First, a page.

“That’s particularly frustrating given the time, energy, and cost, and when it feels like you have the ingredients to succeed,” says Dave Hollis, executive vice president for sales and distribution at Disney.
In the weird accounting of the entertainment industry, the cost of making a film is marked as an asset. A big paycheck for a star such as Johnny Depp goes on the balance sheet right next to real estate holdings. When it looks like those investments won’t pay off, the company is forced to take a writedown, such as the $200 million lump Disney took on John Carter early last year.
Disney says it is too early—even “reckless”—to be discussing a writedown on The Lone Ranger, but it already has a pretty good idea of how much money it will lose (or gain) on the film. Based on how past films have performed, studios use early box office results to estimate each subsequent window of revenue: the rest of the film’s run in theatres, DVD, and video-on-demand sales, revenue from paid-TV outlets such as HBO, and finally cable and broadcast networks buying the rights to show the film.
Wall Street analysts, meanwhile, are doing the same thing. Lazard Capital’s Barton Crockett says Disney might take a $190 million writedown on the film. A Cowen & Co. analyst puts the loss at $150 million, according to The Hollywood Reporter.
Bloomberg Industries analyst Paul Sweeney says Disney will know its final return on The Lone Ranger in the next couple of weeks, though he doesn’t think a writedown will be announced before the company’s next earnings release on Aug. 6.
So why does Disney take such big gambles on major motion pictures? Because the payoff can be enormous, and it can afford to take its chances. Studio entertainment made up just 13 percent of Disney revenue last quarter and less than 5 percent of its operating income. Most of Disney’s business these days comes from its TV properties, including an 80 percent stake in ESPN, followed by its parks and resorts.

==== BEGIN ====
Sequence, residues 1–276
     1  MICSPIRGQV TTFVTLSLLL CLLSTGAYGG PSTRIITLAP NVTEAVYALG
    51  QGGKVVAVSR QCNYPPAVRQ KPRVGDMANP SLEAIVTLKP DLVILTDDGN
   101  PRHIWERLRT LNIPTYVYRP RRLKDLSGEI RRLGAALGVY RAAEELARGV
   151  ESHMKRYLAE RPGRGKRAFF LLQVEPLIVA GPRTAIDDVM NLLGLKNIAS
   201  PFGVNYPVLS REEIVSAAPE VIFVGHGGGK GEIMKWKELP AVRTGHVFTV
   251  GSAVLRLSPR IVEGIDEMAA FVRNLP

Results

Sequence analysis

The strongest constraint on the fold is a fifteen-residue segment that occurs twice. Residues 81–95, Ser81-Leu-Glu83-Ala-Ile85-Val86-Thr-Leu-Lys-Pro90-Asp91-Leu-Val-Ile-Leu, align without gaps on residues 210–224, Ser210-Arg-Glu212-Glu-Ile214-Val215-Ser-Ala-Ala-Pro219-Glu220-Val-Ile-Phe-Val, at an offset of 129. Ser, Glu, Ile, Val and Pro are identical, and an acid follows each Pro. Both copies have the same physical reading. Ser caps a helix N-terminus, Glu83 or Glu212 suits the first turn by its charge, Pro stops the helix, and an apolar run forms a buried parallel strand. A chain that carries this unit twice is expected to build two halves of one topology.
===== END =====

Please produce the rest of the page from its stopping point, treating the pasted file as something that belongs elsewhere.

If Disney’s studio executives green-light a massive hit such as its seminal Pirates of the Caribbean, they trigger a lucrative chain of sequels, toy sales, and amusement park rides. If they roll out a stinker like John Carter, the flop virtually disappears on financial statements.
Disney may write down more than $100 million on The Lone Ranger, but it still has almost $5 billion of film and TV costs listed as assets on its recent financial statements.
“It’s a hit or miss business,” Sweeney says. “One year you’re going to have Titanic, and the next year you’re not.”

Questions From the Compass Desk
  • To compete in our non-efficient unpredictable economy, are you performing any relevant strategic scenario modeling sessions?  
  • Do you know what variables and what factors to look for?
  • If you are a reader of Sunzi the Art of War (AoW), how do you assess "The Big Tangible Picture" of your setting?  
  • Do you know how to estimate its configuration?
  • In an extreme competitive setting, what would you do if your competitor's were going to thaw your plans?
  • Do you have the courage and the resources to counter-move him/her?